Next, map the buyer’s journey for your product or service so you can identify points where video content can help potential customers move along the path to purchase (and what type of video is best suited the task at hand).
Think about what different kinds of content might address your personas’ questions at different stages of the buying process. For instance, the video that introduces a persona to your company will be different from the one they’ll need when they’re in consideration mode.
As you move forward with creating new videos, ask yourself every time which persona the content speaks to and at what point in the customer journey.
Before you dive in and start filming, you need to figure out what kinds of videos you’re going to make.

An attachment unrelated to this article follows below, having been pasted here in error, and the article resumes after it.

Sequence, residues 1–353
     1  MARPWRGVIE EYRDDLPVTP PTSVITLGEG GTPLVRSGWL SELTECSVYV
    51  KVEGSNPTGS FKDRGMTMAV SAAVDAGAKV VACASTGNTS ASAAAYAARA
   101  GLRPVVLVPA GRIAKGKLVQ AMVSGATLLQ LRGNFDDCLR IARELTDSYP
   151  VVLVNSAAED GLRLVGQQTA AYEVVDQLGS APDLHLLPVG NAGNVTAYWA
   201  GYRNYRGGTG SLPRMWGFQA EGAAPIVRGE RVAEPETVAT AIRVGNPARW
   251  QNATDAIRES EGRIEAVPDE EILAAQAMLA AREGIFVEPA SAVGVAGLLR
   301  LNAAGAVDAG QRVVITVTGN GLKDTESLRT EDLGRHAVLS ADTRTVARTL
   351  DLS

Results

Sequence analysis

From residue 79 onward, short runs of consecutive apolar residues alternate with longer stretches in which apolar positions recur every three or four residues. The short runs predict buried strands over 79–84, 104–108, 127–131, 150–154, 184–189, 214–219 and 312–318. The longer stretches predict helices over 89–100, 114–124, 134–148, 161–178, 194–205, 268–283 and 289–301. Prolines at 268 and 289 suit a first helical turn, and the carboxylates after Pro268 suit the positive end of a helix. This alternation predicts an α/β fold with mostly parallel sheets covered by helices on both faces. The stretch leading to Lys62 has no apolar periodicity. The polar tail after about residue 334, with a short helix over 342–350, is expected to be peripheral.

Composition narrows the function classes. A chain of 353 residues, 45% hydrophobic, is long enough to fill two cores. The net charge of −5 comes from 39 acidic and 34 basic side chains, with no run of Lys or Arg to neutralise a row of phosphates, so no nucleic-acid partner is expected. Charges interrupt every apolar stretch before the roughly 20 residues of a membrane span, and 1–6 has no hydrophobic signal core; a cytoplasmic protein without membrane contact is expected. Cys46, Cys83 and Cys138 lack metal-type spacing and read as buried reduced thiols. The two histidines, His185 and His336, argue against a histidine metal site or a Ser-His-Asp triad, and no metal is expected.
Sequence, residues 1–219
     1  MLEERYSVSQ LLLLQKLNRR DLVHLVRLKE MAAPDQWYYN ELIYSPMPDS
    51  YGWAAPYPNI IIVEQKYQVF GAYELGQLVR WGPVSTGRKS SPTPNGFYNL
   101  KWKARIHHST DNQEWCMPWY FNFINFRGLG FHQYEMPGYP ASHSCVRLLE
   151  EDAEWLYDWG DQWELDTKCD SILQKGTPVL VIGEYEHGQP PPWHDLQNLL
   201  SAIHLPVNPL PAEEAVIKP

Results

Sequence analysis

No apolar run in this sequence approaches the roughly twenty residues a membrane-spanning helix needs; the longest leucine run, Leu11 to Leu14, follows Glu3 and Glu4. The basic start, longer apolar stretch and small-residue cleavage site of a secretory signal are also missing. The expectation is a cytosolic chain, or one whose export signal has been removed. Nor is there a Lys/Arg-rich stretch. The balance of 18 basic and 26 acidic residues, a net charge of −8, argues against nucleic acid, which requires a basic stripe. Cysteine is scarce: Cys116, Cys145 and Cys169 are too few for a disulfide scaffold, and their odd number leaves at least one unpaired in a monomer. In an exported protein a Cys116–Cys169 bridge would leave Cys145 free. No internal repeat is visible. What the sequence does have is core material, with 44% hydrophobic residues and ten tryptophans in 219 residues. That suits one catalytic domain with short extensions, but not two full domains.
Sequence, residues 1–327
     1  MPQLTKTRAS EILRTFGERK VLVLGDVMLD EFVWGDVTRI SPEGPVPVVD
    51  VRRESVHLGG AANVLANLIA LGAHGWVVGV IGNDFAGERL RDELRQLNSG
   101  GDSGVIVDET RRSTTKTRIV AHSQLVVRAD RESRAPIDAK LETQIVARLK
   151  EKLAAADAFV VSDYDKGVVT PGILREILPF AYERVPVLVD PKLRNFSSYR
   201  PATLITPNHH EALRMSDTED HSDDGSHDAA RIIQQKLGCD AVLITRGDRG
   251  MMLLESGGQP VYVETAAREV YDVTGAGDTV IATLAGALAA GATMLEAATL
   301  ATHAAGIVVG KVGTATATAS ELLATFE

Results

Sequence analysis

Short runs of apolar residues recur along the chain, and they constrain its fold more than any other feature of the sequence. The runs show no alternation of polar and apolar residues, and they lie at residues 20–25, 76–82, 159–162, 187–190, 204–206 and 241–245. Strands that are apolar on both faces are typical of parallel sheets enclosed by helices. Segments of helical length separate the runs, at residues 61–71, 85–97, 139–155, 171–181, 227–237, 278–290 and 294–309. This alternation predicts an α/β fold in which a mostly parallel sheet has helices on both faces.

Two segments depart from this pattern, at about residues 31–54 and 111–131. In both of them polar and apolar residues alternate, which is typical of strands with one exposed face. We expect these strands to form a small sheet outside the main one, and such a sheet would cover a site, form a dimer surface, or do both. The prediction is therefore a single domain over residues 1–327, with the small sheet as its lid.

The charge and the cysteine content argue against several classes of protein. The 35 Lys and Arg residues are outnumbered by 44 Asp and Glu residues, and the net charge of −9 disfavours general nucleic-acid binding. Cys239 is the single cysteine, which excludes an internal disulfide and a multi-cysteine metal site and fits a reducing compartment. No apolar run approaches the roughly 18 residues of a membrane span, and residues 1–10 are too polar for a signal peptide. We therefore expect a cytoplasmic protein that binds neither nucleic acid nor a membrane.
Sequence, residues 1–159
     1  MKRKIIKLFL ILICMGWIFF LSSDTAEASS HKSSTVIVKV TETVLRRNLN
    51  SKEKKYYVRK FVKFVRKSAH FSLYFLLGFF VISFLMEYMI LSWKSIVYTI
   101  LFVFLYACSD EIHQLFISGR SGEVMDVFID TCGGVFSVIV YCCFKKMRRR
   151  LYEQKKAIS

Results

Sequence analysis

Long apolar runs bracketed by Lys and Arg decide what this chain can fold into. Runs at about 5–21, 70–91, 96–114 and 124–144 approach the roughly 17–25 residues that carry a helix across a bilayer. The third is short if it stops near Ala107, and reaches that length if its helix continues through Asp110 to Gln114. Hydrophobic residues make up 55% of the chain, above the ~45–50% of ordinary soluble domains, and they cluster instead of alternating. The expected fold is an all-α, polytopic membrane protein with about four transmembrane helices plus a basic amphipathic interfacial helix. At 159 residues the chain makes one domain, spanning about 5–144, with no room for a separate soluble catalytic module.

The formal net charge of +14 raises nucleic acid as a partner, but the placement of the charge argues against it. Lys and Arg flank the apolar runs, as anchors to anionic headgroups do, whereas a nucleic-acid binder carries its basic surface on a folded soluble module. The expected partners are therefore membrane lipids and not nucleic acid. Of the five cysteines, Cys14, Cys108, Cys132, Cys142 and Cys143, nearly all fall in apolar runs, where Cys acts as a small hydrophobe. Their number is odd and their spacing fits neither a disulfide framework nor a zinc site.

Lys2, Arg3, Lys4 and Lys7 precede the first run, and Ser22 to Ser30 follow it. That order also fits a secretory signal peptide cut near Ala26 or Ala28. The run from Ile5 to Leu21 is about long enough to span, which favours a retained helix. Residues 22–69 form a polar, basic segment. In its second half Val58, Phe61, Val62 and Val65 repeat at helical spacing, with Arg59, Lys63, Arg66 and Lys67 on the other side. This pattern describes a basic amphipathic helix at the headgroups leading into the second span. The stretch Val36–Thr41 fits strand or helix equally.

Think about what story you want to tell, how you can best do that through video, what video styles and types are best suited to sharing that story, what kinds of videos your target audience likes, and more.
It’s important to consider where video will fit into your organization’s customer journey and marketing funnel (or flywheel). Remember that your audience will likely need different video types and messages at different points in their journey.
When you’re first getting started, choose a few styles and types of video to test and see what works and what doesn’t. Depending on the stage of the funnel or flywheel, this may constitute what gets the most reach, what gets the most engagement, or what drives the most leads or conversions.
Before you plan this portion of your strategy, learn more about video styles and types in Chapter 4.